The headline in yesterday’s Bumiller/Zeleny piece on John McCain in the New York Times had to make the GOP candidate’s handlers feel all warm and cuddly inside: “McCain Seeks to Break With Bush on Environment.” It was, indeed, a rather counterintuitive take on McCain’s speech in Houston to a passle of oil executives, in which he flip-flopped on his longtime support for a moratorium on offshore oil drilling.
Today George W. Bush announced he’s asking Congress to remove the offshore drilling moratorium. Since you have to assume that McCain was informed of this step in advance, what on earth was he thinking in anticipating it by less than twenty-four hours, and in front of an oil-industry audience?
The Bumiller/Zeleny article quotes this reaction from Barack Obama:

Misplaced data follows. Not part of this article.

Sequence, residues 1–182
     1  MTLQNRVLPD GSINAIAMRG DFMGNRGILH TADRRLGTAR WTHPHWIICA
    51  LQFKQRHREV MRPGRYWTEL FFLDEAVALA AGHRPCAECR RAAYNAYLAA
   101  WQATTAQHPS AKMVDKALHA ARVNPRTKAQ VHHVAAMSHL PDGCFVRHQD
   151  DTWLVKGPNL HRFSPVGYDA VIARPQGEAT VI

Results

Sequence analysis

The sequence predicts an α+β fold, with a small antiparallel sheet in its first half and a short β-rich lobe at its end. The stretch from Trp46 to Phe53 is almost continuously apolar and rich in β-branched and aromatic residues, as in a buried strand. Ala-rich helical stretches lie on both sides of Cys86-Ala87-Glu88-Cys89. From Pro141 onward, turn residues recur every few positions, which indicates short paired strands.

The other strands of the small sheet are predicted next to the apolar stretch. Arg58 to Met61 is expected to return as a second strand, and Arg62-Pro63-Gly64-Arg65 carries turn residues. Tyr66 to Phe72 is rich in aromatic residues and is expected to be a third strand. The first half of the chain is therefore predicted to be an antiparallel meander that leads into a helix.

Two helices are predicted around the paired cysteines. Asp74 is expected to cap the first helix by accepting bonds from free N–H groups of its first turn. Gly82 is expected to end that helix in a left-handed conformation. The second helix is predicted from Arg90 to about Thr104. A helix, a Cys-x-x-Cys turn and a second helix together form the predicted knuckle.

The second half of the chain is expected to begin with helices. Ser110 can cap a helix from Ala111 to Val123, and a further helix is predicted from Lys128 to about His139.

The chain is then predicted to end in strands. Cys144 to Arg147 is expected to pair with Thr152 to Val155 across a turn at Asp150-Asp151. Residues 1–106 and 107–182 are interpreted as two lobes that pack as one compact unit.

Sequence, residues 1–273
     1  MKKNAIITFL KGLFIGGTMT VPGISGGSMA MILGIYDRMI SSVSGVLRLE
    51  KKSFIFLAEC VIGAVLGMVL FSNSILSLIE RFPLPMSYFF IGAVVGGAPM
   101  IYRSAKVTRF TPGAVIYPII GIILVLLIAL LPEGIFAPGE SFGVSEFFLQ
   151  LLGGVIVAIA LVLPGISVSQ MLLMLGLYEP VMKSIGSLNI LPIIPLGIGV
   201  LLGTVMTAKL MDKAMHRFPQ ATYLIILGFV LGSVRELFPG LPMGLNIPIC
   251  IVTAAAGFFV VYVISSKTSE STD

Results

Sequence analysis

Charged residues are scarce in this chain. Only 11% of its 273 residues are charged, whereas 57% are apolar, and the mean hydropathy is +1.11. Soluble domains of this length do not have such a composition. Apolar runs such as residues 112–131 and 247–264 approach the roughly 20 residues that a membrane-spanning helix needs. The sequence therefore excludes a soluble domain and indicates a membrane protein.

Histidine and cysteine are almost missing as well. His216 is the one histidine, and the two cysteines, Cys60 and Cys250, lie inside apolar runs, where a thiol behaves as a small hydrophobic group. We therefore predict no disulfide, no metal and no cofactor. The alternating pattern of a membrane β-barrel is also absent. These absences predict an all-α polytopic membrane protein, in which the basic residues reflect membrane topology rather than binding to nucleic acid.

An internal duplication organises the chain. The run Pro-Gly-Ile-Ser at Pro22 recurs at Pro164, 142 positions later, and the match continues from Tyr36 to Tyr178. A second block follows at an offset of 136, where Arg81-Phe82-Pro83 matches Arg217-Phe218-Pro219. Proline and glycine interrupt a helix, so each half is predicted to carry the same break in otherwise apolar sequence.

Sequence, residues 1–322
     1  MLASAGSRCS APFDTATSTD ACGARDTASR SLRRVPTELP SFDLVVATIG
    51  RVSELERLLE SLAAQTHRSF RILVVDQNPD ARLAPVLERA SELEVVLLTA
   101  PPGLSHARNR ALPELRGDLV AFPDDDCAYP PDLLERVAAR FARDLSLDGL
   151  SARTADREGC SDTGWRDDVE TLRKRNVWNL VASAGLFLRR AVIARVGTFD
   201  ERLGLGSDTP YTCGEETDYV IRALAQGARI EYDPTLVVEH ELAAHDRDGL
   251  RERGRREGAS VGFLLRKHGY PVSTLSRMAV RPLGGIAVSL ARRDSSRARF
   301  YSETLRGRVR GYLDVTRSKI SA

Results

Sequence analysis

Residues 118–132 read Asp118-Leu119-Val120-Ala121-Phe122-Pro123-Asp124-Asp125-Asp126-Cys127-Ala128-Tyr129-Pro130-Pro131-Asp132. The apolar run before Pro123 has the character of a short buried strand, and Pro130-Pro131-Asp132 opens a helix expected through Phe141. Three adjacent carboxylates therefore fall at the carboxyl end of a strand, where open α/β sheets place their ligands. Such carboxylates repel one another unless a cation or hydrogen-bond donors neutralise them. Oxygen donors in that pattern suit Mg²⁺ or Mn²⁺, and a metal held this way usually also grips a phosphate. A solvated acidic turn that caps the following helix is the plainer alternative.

“His [McCain’s] decision to completely change his position and tell a group of Houston oil executives exactly what they wanted to hear today was the same Washington politics that has prevented us from achieving energy independence for decades,” Mr. Obama said in a statement.
Now that the Bush-Cheney administration has headed in exactly the same direction, McCain’s in the position of flip-flopping towards the oil company point of view in tandem with the president from whom he is supposedly trying to distance himself.
There may be some logic to this maneuver, but it certainly eludes me.